Russia’s Invasion of Ukraine Is Not Imminent, Ukraine Insists. Latest News!


Even as they acknowledged the threat and prepared to accept a supply of US military weapons to bolster up their defences, Ukraine’s authorities worked to convince their population that a feared invasion from neighbouring Russia was not near.

The United States and its NATO partners have been rushing to prepare for a possible conflict with Russia, despite Russia’s denials that it is plotting an attack.

Diplomatic efforts have been fruitless, and this week tensions have risen even worse. A NATO “reaction force” for Europe has been announced, with the United States ordering 8,500 troops to a higher state of readiness in preparation for a possible deployment to the Baltic Sea region “in case of necessity.

U.S. diplomats’ families have been told to leave Ukraine, and non-essential embassy staff have been given the option of leaving as well, according to a statement from the State Department. The British government has also announced the departure of some of its diplomats and their families from the embassy.

Even while the Ukrainian government has tried to portray a sense of calm, recent polls suggest that just half of the population believes an invasion is likely.

Russia's Invasion of Ukraine Is Not Imminent, Ukraine Insists.

Defense Minister Oleksii Reznikov said in parliament on Tuesday that “as of today, there are no grounds to assume” that Russia is ready to invade soon, stressing that its forces have not established what he called a fighting group that could force their way through the border. Reznikov said.

Don’t worry, Reznikov reassured. “There’s no need to bring anything.”

Ukraine’s President Volodymyr Zelensky and other officials have issued several guarantees on the country’s security. In an interview that aired later in the day, Reznikov admitted that there were “risky situations” in the current circumstances “things that “might happen in the future”

A NATO-planned provocations are being used as a pretext by the West to accuse Russia of an invasion. Dmitry Peskov, a spokesman for the Kremlin, accused the United States on Tuesday of “fomenting tensions” over Ukraine, a former Soviet state with which Russia has been engaged in a long-running dispute.

When a Kremlin-friendly Ukrainian president was toppled in 2014, Moscow seized control of the Crimean Peninsula and backed separatist rebels in the country’s eastern industrial heartland. Since then, more than 14,000 people have been murdered in clashes between Ukrainian forces and insurgents backed by Russia, and efforts to find a diplomatic solution to the crisis have stagnated.

In the most recent impasse, Russia has demanded assurances from the West that NATO will never admit Ukraine and that the alliance would limit other steps such as stationing soldiers in former Soviet bloc countries. This standoff could only be avoided if NATO agreed to a permanent ban on Ukraine’s participation in the alliance, which is a nonstarter for the alliance.

On the other hand, Moscow has accused Kyiv of amassing forces near rebel-controlled areas in the east in preparation for a possible military takeover.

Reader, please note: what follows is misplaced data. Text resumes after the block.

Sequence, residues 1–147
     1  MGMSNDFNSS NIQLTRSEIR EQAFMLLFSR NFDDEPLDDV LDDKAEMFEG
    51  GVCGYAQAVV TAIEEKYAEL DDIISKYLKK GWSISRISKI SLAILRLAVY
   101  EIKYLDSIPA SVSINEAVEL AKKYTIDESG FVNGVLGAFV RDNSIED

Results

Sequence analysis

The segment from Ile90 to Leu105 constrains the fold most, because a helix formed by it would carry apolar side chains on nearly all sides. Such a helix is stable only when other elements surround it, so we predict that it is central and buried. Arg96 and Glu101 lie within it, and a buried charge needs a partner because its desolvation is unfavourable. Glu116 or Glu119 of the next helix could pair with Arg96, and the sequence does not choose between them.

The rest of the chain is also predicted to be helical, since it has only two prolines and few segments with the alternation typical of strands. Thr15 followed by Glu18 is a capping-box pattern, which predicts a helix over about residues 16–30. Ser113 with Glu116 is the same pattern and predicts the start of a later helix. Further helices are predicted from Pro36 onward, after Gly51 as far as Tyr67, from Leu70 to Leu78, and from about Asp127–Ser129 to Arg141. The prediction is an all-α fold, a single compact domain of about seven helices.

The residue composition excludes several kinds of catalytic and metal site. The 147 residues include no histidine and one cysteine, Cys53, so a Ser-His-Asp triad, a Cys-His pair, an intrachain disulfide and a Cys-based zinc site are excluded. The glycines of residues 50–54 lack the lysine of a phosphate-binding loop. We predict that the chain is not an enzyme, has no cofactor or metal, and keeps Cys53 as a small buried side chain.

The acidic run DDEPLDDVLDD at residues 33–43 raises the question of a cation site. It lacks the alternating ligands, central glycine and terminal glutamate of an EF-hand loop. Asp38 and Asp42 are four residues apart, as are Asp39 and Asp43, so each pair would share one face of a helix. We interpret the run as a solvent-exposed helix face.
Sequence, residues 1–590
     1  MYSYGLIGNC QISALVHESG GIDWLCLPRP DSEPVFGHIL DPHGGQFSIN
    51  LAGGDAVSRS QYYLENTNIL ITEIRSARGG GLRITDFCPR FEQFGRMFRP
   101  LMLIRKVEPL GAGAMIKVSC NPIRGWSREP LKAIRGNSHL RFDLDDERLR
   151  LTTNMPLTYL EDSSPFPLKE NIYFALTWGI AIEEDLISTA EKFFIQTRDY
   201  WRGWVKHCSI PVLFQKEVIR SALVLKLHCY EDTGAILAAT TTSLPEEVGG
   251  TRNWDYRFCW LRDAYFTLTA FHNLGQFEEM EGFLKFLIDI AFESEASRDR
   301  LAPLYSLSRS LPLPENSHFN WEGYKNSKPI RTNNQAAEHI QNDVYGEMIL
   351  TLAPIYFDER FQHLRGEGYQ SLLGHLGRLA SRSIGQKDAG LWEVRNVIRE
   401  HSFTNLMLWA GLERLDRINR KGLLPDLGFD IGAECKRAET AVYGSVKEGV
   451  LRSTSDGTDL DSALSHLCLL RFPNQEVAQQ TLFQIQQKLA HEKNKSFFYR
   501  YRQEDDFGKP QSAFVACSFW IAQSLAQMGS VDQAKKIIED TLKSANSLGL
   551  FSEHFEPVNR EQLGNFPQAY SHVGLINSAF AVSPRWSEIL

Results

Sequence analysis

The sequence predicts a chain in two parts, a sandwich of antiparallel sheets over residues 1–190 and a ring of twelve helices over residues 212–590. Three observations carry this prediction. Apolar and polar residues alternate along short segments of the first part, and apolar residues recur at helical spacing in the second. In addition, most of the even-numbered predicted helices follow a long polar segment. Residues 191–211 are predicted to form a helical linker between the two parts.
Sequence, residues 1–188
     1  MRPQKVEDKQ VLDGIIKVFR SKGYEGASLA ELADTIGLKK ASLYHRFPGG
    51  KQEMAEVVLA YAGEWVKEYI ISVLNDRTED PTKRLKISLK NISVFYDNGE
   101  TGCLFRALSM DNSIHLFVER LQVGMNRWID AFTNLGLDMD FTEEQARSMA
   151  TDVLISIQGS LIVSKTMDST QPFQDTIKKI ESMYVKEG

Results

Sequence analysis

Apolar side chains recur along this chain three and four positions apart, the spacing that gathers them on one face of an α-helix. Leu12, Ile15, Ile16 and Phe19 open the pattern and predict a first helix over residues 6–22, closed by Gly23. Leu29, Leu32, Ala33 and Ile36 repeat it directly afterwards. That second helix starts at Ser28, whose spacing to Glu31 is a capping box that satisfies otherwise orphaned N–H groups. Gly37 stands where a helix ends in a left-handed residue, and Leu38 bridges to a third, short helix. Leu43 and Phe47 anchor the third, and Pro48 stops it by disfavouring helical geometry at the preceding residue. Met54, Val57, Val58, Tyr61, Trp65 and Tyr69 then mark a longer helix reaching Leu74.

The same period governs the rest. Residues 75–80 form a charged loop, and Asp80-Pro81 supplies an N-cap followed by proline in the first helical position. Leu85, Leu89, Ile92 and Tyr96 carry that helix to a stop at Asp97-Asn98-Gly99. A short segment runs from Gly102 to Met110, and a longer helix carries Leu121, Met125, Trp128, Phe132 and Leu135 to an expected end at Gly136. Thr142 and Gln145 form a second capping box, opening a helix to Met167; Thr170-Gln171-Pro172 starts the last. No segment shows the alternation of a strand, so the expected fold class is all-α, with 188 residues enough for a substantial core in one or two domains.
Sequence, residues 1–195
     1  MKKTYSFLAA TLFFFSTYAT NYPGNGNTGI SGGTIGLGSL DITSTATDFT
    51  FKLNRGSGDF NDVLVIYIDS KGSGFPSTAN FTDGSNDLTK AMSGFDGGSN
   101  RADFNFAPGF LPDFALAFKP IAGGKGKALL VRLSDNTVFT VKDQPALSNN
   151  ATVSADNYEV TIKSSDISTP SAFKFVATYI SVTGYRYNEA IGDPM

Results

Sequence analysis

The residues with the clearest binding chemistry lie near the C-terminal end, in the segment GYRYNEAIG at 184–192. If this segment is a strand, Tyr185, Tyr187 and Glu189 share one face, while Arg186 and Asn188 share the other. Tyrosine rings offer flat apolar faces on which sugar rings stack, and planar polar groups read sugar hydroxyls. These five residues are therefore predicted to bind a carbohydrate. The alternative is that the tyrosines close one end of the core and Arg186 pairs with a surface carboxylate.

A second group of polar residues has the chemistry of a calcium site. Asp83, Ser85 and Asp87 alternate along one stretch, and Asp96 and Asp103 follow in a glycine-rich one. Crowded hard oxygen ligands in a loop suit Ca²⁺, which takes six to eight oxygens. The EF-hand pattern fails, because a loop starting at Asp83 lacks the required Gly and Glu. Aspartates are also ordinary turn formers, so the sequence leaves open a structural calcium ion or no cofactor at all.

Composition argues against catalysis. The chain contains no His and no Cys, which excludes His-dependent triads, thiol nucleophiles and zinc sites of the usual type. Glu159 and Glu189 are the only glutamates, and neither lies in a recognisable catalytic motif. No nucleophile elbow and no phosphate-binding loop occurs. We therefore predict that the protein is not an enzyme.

Analysts believe that the Ukrainian administration is unable to keep the country quiet while guaranteeing that the West provides enough aid in the event of an invasion.

“Ukrainian authorities are trying to prevent destabilisation and fear inside the nation,” political analyst Volodymyr Fesenko said, citing the reassuring remarks that there is no imminent Russian invasion. This snowball is becoming increasingly difficult for the authorities in Kyiv to control because of the Kremlin’s plans to destabilise Ukraine and instil fear and frenzy among the Ukrainian people.”

According to a poll conducted by the Kyiv International Institute of Sociology, 48 percent of Ukrainians believe that an invasion is a serious threat in the near future. Despite the fact that many are aware that recent measures could be part of an information warfare strategy, 39% of respondents stated they don’t expect this to occur.


The margin of error for the nationwide survey of 1,205 participants, conducted from January 21 to 22, was no greater than 3.2 percentage points.

Some locals are keeping a close eye on everything.

No one can deny that Russia’s actions and a possible conflict with Ukraine could lead to severe economic hardships for the Ukrainian people. A 46-year-old construction worker in Kyiv said, “But we will be compelled to fight and defend ourselves.” However, my entire family does not want to fight and lives in constant tension. I am willing to do so.” As the days pass, the news becomes increasingly frightening.

President Biden’s announcement on Monday that U.S.-based forces would be on heightened alert for Europe suggests that the Biden administration is losing faith in Vladimir Putin’s ability to back down from his threat to invade Ukraine.

Equipment and ammunition from the United States are slated to arrive in Ukraine on Tuesday as part of a $200 million package of security aid.

The United States is joining other NATO members in stepping up their defensive capabilities in Eastern Europe. A frigate and F-16 aeroplanes are being sent to Lithuania by Denmark; Spain is sending four fighter jets to Bulgaria and three ships to join NATO naval forces in the Black Sea; and France is ready to send troops in Romania.

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